The Valley News has been selected to add two journalists — a photojournalist and a climate and environment reporter — to our newsroom through Report for America, a national service program that boosts local news by harnessing community support.

Please consider donating to this effort.

Whelen Engineering President to Receive Lifetime Achievement Award

Sunday, September 28, 2014
Charlestown — John Olson, president of Whelen Engineering, will receive the Lifetime Achievement Award from the Business and Industry Association next month for his commitment to building and strengthening manufacturing in the state and promoting career opportunities for young people.

“His background is quite impressive,” said Adrienne Rupp, vice president of communications for BIA. She said Olson was chosen by the committee because he represents leadership not only in the field of manufacturing but also in his community and state.

The award “recognizes business leaders who have demonstrated a commitment to leadership in their professions, communities and New Hampshire,” the BIA said in a news release.

“John fits that perfectly,” Rupp said. “He has really grown Whelen into a worldwide manufacturer and that shows he appreciates and understands the importance of manufacturing in the state.”

Olson earned a degree in mechanical engineering from the University of New Hampshire and, after a stint in the Coast Guard, was hired by Whelen in 1954 as its first full-time employee. He was manager and chief engineer until being named president in 1976.

In 1984, Olson opened a facility in Charlestown that now employs 1,000, with 500 more in Connecticut, where the company started. Olson was chief engineer for the Deep River, Conn., fire department and a volunteer ambulance driver for 30 years.

Rupp said Olson’s commitment to manufacturing goes beyond Whelen. He began a school-based program that he refers to as the “Little League of Manufacturing.” With permission from the state, the 15-week course allows students under the age of 16 to work in a factory environment and earn course credit. “This gives kids experience and the opportunity to learn a skill set and develop interest in manufacturing,” Rupp said.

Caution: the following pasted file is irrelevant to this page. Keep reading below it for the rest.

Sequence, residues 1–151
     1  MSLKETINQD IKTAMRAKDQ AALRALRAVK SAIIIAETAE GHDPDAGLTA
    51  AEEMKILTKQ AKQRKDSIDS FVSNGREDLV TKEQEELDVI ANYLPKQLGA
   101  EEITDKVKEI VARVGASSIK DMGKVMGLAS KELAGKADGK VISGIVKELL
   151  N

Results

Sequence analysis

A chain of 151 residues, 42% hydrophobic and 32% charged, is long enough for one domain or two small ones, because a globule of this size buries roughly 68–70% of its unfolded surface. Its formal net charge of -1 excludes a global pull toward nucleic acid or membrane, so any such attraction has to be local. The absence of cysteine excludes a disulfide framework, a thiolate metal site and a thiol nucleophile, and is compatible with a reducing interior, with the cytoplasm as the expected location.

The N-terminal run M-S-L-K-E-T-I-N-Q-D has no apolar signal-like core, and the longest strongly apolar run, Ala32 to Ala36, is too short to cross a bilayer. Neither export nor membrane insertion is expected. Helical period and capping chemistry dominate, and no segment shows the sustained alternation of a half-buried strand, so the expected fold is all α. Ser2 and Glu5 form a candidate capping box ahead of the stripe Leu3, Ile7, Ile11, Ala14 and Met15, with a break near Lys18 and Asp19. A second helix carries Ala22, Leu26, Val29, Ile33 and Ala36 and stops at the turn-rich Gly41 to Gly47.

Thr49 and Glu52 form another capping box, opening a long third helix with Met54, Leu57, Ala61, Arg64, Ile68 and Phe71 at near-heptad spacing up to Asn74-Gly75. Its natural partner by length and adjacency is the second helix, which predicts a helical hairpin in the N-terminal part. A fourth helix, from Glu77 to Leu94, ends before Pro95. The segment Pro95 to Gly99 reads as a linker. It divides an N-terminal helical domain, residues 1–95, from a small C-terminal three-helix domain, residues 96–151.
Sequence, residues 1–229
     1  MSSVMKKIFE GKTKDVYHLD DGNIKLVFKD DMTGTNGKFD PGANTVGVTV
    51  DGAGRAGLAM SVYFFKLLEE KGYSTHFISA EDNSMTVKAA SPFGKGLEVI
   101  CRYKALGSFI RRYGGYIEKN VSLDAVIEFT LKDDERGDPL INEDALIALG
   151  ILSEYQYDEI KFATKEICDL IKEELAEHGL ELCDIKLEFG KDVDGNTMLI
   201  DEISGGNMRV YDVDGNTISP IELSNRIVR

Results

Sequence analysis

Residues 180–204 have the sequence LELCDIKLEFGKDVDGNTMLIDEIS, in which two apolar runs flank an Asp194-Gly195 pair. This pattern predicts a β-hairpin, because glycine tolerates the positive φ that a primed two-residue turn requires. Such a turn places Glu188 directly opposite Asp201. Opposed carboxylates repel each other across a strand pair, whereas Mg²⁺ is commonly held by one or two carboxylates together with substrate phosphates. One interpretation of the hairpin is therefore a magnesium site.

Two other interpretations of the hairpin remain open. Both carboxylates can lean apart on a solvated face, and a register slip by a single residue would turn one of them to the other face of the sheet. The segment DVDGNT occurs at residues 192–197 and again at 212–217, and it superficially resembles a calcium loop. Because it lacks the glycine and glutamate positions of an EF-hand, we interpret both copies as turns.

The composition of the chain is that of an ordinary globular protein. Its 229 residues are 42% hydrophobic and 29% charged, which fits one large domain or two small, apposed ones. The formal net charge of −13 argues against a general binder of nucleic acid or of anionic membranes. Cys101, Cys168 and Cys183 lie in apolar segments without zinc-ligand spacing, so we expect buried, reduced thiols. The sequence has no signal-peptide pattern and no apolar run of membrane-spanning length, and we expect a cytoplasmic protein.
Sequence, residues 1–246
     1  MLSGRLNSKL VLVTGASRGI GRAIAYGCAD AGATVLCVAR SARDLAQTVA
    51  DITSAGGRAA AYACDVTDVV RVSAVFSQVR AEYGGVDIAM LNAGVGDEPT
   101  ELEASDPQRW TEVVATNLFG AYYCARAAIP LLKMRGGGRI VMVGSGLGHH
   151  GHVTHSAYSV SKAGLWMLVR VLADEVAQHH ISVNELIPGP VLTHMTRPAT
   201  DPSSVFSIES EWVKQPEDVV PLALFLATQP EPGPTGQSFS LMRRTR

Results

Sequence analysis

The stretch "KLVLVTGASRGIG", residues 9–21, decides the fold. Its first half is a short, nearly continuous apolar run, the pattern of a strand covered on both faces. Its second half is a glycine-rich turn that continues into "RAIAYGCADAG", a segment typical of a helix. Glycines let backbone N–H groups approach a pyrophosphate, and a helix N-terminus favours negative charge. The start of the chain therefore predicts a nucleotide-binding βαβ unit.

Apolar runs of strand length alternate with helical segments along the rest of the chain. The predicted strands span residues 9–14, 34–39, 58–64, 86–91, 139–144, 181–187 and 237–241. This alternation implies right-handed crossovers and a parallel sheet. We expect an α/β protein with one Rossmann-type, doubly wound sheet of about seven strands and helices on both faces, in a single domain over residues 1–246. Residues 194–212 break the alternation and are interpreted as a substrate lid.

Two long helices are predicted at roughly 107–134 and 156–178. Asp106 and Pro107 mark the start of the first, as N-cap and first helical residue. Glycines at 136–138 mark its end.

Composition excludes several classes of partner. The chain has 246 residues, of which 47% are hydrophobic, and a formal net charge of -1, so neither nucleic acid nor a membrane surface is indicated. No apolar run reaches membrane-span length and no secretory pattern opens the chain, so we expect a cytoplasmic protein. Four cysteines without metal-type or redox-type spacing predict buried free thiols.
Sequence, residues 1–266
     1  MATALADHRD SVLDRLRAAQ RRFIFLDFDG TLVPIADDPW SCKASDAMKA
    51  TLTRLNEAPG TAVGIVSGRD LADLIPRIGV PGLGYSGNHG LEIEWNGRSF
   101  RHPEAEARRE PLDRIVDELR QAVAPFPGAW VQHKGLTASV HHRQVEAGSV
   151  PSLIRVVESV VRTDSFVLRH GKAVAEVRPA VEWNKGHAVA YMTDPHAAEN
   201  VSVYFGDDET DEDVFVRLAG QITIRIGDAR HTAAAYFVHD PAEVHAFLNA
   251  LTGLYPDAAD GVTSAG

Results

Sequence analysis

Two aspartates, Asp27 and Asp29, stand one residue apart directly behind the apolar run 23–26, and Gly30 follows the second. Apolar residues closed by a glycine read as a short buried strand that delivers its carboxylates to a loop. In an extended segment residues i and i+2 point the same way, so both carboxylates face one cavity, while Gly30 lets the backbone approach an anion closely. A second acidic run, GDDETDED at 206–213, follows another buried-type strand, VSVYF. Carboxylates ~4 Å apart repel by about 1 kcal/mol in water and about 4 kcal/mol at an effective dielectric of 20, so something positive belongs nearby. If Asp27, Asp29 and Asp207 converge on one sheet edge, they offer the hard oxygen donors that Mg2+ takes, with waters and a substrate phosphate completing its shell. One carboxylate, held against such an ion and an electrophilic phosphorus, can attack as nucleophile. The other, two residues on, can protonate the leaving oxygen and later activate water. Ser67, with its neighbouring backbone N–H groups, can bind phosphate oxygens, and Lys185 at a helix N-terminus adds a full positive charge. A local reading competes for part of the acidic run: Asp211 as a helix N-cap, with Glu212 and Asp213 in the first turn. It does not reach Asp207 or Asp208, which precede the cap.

“They are then poised to go to work or school. It is a testament to his (Olson’s) understanding for the need to build manufacturing in the state and give manufacturers access to that talent.”

In a telephone interview last week, Olson said students in today’s economy are not even aware of the jobs in manufacturing and that prompted him to start the program.

“Manufacturing has disappeared so kids don’t have a parent who worked in manufacturing,” Olson said. “When I was young, everybody worked in manufacturing.”

The program is in 12 school systems, including Fall Mountain, Springfield, Vt., and Claremont.

Olson, who is on the UNH College of Engineering and Physical Sciences Advisory Board and the Governor’s Advanced Manufacturing and Education Commission, will be honored along with former Elliot Health System CEO Douglas Dean at the BIA’s 101st annual dinner on Oct. 29 in Manchester.

Valley News

24 Interchange Drive
West Lebanon, NH 03784


© 2020 Valley News
Terms & Conditions - Privacy Policy